King Tides (also known as perigean spring tides) are extreme high tide events that occur when the sun and moon’s gravitation forces reinforce one another at times of the year when the moon is closest to the earth. They happen twice a year, but they are typically more dramatic during the winter.
While tides are not affected by climate change, the climate and weather do influence coastal sea levels through storm surges, the El Niño southern oscillation and Pacific decadal oscillation cycles and other factors. Storms that occur during high tides can cause coastal flooding and erosion, a risk that will increase with sea level rise.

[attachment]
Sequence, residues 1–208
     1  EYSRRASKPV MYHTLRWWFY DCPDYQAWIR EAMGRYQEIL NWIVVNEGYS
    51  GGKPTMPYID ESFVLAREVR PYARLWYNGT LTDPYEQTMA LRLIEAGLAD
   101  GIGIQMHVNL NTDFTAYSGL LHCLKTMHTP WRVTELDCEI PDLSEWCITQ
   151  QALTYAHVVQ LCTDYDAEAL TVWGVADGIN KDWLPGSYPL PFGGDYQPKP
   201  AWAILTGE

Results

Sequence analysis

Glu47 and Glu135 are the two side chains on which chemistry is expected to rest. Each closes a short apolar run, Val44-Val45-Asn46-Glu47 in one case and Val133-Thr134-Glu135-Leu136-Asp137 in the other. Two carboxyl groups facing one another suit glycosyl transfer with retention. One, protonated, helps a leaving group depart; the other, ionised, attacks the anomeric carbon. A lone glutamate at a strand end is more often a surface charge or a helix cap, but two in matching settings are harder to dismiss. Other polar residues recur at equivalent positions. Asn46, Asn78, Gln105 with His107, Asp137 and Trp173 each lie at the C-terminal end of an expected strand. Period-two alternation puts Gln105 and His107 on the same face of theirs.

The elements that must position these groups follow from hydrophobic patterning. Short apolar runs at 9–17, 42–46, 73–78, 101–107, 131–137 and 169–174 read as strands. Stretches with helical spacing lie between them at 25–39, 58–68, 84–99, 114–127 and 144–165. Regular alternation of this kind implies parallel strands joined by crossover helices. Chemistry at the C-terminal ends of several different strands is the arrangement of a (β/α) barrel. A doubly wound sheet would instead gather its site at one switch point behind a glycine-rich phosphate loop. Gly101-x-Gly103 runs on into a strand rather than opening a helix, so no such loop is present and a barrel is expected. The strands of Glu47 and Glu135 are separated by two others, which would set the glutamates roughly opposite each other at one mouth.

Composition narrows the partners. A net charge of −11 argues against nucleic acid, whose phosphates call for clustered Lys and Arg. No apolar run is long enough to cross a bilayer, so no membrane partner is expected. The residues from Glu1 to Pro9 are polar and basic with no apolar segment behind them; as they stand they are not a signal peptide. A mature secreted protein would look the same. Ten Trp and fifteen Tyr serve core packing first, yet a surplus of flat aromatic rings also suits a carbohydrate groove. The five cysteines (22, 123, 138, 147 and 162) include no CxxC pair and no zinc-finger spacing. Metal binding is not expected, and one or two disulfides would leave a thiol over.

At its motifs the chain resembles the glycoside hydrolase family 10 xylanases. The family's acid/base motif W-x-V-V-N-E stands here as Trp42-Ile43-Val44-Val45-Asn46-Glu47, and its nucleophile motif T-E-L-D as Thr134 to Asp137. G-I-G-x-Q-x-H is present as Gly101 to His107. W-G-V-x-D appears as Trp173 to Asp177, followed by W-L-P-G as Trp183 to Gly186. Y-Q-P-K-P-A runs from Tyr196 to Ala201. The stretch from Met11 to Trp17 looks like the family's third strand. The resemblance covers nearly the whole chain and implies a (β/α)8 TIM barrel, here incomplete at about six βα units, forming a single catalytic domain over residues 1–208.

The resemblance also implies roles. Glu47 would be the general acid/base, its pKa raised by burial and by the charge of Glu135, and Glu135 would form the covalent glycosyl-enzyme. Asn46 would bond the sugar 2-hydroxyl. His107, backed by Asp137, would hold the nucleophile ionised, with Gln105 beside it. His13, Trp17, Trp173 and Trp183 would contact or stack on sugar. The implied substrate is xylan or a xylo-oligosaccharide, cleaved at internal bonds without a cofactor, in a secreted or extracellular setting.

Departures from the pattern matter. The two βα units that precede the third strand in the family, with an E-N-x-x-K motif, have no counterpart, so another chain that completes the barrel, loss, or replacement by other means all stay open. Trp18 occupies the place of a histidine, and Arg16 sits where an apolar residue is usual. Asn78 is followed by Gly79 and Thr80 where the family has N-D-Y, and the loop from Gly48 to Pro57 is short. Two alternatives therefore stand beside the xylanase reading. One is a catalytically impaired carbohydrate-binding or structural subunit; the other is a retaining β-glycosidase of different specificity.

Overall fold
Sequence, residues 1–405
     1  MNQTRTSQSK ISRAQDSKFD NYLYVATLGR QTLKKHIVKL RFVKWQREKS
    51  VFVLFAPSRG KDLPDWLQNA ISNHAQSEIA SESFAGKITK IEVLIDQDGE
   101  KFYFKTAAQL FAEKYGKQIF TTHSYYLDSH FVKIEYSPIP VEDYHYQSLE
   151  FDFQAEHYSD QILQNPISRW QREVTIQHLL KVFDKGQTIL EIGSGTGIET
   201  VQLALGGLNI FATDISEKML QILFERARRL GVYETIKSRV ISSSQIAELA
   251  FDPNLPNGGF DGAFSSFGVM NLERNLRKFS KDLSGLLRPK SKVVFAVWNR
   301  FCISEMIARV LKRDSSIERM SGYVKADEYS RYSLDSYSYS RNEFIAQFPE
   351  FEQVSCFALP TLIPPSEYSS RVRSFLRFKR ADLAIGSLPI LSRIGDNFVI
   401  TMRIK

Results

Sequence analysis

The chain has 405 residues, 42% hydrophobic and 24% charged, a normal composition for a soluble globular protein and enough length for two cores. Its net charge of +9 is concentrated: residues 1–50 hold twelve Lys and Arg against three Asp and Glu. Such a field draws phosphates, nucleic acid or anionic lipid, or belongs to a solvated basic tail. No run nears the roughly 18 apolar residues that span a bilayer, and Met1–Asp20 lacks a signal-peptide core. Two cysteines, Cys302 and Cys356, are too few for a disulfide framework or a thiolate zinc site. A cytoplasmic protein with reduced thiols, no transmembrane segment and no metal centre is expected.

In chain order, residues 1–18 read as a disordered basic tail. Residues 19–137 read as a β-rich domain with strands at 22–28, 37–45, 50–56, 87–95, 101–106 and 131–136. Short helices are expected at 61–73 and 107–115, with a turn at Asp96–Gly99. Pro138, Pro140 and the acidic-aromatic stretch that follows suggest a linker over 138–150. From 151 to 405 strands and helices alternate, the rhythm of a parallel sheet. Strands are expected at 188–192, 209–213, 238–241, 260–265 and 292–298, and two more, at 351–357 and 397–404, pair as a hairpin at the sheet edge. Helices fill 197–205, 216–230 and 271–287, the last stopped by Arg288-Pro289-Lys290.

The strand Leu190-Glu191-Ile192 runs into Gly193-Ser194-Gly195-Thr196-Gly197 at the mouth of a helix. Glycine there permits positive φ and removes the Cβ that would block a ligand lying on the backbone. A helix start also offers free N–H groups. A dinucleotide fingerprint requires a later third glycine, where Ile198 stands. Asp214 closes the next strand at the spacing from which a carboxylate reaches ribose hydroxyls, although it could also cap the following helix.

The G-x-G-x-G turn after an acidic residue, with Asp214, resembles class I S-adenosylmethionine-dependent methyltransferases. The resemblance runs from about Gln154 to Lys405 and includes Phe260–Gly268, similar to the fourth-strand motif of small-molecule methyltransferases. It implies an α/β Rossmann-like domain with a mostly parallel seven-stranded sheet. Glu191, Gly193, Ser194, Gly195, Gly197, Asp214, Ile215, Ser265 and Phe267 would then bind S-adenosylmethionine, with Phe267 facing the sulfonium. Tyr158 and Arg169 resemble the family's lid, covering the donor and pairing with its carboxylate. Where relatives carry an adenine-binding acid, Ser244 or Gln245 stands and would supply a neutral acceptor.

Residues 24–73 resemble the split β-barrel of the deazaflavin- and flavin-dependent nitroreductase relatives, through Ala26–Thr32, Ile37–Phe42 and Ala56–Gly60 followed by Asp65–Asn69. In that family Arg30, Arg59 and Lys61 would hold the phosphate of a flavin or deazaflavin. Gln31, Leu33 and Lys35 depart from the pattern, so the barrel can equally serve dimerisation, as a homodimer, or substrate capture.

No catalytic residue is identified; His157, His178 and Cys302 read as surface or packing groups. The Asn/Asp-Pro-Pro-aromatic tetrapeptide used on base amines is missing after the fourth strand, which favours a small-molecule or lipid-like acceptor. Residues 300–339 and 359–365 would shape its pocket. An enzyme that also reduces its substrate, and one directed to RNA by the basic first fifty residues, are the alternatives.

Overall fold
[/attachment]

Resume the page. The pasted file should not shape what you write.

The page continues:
Global sea levels have risen approximately 20 cm since the industrial revolution. Even with immediate and dramatic reductions in greenhouse gas emissions, sea level rise is expected to accelerate and to potentially continue for centuries. Climate change will affect sea levels on the British Columbia coast.